I would have liked to hear the priest's answer. Mine might have gone something like the following.

The Bible does not, in its entirety, predate the Magisterium. It is this selfsame Magisterium that decided what would constitute the Bible everyone would be using. It included the Septuagint, for which I can understand your disapproval, and it also included the epistles of Paul and James. You seem content to believe the Church knew what she was doing then; why would the Holy Spirit guide the formalization of the canon but not its interpretation? Why would He leave Christians to flounder over the meaning and means of sanctification and justification for over a thousand years? What were they supposed to do until the printing press and mercantilism made viable a literate middle class that had the means to learn without being watched by a teacher? Can you explain why we have Mark and Luke but not the gospels of Thomas or Peter, why we have Acts and Revelation but not the Shepherd of Hermas or the Didache, why we have James as well as Paul but not Clement's letter to the Corinthians?

"There was a reason for the Reformation!" Yes, and the legitimate abuses that Luther pointed out have been corrected. Everything that has developed outside of Rome since then? I'm not so sure.

Sunday, November 08, 2009

A few delinquent comments added to the comboxes below, if you're following.

So now and then someone says that the death of Jesus wasn't enough of a sacrifice because it wasn't permanent. I'm not sure what would constitute "enough," but the idea is that all that suffering and actual death isn't very meaningful because it didn't take.

Well, guess what: no one's physical death is permanent. We're all getting our bodies back someday. People alive at the end of time won't die at all. So, who cares if or how long somebody stays dead? Life and the loss of it, having soul torn from flesh, has some meaning in and of itself. Get used to it. If you have a better example of suffering than Christ's crucifixion, I'm willing to entertain it. Anyone?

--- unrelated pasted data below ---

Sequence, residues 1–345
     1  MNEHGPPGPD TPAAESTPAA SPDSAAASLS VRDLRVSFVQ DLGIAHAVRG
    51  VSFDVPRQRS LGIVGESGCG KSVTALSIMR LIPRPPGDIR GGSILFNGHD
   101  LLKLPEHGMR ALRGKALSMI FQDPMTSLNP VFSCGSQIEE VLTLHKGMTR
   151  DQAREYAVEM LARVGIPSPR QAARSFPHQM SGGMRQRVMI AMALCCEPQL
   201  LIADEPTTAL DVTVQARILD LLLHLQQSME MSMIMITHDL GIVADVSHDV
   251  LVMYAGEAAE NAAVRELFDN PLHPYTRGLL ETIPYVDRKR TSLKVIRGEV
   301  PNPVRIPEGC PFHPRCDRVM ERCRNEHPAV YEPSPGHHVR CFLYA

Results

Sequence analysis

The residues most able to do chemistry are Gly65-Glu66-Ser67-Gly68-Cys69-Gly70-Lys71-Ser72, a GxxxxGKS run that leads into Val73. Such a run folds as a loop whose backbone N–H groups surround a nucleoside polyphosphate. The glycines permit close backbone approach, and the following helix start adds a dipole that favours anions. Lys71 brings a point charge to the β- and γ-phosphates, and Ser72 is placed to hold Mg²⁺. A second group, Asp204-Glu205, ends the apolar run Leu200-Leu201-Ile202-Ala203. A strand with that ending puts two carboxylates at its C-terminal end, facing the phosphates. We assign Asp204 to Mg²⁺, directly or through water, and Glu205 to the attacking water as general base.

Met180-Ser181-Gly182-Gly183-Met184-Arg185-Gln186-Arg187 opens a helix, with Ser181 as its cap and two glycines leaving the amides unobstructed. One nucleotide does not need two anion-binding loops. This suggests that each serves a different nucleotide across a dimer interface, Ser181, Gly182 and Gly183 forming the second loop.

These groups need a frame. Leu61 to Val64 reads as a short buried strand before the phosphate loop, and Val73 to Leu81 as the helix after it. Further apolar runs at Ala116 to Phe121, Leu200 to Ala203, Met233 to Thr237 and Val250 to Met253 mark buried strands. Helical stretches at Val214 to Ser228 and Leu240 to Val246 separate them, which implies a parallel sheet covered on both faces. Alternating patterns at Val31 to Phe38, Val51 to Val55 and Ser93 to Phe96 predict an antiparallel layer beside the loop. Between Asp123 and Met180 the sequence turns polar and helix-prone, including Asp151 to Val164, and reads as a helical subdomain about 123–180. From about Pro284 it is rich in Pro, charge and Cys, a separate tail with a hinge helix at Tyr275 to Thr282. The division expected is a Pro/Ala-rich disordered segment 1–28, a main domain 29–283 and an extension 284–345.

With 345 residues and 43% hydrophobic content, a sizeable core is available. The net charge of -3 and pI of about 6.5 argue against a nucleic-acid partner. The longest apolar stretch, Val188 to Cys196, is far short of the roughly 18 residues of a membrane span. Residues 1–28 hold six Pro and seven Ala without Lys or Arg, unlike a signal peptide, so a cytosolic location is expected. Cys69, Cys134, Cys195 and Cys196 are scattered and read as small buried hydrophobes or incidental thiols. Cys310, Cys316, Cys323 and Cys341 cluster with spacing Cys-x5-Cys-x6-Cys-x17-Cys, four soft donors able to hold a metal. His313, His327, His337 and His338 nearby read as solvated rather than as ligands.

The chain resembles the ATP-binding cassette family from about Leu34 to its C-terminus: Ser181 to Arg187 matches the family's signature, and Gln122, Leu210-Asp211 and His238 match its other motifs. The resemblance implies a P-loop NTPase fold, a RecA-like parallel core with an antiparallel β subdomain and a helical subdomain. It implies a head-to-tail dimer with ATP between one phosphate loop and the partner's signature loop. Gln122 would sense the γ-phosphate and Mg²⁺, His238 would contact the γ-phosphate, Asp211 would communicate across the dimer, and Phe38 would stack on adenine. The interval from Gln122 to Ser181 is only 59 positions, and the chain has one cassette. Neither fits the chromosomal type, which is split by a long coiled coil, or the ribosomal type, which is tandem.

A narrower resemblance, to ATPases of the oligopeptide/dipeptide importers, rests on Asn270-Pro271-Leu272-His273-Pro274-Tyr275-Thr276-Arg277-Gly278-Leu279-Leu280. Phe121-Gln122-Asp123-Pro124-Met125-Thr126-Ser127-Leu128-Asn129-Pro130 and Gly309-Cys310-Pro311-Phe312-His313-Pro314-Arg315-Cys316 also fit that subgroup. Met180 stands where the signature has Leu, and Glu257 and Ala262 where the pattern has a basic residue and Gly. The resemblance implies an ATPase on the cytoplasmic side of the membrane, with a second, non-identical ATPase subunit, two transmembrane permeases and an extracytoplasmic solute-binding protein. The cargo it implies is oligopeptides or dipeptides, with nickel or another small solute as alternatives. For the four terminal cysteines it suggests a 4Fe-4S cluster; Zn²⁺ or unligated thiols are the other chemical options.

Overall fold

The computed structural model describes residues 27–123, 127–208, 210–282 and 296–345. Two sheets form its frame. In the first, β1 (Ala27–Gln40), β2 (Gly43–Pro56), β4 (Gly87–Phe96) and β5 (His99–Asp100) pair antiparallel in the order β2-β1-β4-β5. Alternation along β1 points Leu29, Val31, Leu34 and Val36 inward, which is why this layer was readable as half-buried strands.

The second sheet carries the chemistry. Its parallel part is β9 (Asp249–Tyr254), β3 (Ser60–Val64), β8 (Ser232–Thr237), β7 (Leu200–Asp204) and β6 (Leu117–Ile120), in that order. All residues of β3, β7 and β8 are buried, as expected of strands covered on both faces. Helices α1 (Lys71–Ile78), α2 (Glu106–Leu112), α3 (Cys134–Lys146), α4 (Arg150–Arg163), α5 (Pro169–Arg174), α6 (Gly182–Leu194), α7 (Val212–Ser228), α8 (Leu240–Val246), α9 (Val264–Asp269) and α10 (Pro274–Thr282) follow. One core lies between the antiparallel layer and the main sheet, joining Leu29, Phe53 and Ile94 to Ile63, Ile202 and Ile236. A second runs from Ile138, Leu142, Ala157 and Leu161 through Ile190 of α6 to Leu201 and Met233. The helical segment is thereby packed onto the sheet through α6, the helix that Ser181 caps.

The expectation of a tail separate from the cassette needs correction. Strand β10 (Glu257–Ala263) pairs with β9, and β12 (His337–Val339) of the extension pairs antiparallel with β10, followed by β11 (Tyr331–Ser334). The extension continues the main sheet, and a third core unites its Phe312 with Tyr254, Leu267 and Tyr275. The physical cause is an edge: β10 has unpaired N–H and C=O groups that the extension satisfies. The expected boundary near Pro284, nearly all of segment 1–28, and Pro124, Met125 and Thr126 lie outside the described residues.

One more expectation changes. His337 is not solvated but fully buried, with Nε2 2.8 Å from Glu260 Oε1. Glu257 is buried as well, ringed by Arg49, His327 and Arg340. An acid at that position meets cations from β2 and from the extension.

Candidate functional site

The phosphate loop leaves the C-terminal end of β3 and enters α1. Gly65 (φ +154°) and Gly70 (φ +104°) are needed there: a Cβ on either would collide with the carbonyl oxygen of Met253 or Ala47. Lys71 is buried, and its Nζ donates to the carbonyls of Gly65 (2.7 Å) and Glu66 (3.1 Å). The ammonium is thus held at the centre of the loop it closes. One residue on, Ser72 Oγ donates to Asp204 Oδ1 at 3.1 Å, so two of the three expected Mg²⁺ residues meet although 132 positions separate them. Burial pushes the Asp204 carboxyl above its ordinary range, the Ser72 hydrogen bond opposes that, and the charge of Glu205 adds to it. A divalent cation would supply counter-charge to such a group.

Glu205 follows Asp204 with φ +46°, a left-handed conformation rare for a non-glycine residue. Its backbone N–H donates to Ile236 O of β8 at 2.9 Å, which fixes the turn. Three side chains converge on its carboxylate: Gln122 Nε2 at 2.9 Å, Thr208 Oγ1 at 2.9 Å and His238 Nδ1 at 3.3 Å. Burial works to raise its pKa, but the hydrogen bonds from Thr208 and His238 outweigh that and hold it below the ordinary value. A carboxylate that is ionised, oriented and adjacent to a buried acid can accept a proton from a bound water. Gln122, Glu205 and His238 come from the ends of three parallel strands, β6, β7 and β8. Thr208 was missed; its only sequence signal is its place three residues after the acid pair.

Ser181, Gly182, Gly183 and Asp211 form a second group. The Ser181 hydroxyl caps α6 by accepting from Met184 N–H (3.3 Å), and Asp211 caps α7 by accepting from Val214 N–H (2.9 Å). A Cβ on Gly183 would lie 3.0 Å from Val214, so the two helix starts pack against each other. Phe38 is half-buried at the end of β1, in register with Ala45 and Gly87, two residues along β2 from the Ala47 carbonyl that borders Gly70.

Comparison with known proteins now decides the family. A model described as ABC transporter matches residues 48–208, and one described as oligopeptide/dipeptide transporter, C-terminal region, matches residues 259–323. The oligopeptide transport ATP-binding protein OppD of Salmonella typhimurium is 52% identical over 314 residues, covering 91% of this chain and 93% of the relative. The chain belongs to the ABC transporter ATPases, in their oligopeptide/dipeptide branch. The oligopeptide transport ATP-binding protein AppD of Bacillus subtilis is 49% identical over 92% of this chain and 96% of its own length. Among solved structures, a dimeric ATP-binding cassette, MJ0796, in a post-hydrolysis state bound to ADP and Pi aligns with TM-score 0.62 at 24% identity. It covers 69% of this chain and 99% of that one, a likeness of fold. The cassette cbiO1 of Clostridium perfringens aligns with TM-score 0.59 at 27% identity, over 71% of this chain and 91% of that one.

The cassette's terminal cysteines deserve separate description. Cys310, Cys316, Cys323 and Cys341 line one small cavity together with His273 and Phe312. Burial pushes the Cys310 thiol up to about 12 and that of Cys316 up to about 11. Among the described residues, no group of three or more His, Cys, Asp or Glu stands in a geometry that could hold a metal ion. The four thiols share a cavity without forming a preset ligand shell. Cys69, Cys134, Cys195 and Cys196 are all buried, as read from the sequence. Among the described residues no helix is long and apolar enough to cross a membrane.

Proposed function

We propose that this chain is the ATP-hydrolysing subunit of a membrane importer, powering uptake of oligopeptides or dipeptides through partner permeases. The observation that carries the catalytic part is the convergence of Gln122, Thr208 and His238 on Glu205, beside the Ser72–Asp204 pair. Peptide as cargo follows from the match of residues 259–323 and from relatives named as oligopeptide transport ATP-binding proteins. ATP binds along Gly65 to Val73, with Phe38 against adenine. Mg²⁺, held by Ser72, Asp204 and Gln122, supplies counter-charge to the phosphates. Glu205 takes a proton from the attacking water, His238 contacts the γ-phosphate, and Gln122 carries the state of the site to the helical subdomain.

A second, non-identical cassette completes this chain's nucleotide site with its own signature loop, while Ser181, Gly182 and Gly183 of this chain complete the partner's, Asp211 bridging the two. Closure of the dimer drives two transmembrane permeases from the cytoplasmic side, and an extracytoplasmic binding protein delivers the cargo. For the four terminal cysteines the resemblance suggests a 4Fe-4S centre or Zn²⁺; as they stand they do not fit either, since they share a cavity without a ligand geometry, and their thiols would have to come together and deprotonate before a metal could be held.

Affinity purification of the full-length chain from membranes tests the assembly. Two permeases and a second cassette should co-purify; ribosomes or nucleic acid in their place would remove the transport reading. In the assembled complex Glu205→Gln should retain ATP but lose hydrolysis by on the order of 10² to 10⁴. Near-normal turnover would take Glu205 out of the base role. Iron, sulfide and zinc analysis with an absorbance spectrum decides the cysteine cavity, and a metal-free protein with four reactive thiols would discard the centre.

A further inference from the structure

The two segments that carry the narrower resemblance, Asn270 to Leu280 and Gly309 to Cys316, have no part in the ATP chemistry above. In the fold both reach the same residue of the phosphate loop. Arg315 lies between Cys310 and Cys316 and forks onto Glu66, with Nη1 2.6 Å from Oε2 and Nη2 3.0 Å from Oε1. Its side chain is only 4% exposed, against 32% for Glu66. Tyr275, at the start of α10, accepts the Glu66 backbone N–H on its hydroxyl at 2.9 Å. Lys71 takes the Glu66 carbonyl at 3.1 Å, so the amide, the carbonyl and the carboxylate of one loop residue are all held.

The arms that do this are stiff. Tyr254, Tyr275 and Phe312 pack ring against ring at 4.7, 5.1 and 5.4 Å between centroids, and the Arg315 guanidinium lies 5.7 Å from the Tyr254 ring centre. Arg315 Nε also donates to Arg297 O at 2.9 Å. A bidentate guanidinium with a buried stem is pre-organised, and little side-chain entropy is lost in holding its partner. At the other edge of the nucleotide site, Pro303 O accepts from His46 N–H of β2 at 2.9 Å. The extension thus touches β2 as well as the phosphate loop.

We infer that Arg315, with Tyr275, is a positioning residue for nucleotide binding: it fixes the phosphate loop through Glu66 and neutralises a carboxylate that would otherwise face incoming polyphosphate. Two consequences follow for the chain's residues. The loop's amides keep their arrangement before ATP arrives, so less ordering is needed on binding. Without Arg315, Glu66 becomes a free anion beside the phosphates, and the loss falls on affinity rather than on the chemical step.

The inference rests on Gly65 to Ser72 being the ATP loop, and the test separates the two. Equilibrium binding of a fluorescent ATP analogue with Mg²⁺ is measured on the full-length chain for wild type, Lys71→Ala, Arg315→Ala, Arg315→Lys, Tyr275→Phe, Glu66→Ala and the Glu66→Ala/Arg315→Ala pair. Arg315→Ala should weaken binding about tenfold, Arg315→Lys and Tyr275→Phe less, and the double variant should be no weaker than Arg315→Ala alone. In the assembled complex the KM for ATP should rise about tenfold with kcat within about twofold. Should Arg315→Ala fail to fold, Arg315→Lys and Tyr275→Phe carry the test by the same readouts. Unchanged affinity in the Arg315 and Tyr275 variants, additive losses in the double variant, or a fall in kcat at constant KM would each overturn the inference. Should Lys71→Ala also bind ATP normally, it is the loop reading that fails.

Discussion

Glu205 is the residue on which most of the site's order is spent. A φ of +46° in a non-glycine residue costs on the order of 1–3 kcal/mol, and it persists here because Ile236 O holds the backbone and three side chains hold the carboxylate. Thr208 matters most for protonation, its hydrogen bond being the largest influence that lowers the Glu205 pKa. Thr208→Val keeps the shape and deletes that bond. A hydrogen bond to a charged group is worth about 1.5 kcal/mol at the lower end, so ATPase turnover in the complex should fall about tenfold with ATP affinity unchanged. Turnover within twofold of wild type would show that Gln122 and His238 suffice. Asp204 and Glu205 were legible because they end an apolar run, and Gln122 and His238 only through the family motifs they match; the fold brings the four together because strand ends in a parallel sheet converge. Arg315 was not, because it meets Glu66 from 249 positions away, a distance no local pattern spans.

Reminds me of some other "arguments" I've heard that I can only describe as satanic apologetics--not in the sense of making the case for Satan specifically, but making a case against Christ and His Church, usually without the benefit of honest logic. They're so twisted I can't see any goal besides possibly satisfying twin urges of Schadenfreude and sadism.

One of the more troubling ones I've seen goes along the lines of "Why would you want to go to heaven? In heaven there is no time, so you will be unable to laugh, unable to smile, to interact with anyone. You'll be in this frozen state." First, let's pretend that's true. If we're not supposed to want to go to heaven, what's the alternative? Hell? They don't make the argument that heaven isn't real, just that it's distasteful; as if ending up in some pagan afterlife or hell is just a matter of preference. But hell is outside of time, as well. There, you won't smile or laugh or enjoy anyone's company, either. From what the apologist has put forward, hell is just like heaven, except it hurts a lot. Why is that supposed to be better?

Another is "The only things that aren't improving are the completely dead, because death doesn't change, and the perfect, which isn't stable and must soon lapse into decay, from everything I've seen." Boy, the afterlife is unlike anything you've seen. There's no entropy in the afterlife because the next world is in eternity, and someone with a less parochial view of time and change in this world would recognize that entropy is the sign that tells us the direction in which time moves--and that real perfection does not include the potential for decay.

Another interesting one: You think "Pope Joan" was the only female contender to the See of Rome? Think again: "Mary Magdalene was almost pope." In this one, since Mary got to the tomb before Peter or John, she would have been entitled to become pope, but she didn't enter, and neither did John, so Peter went home with that honor. Of course, who showed up at the tomb first has nothing to do with who had been named Rock. I could expect this muddling of the truth to perhaps confuse someone completely ignorant of the story of Jesus, but instead I saw it directed to a room full of Christians and well-educated pagans and agnostics. If I had been there at the time, I would have been insulted no matter which of the groups I belonged to. Mary showed up there first? Really? Just looking to get a rise out of people, now?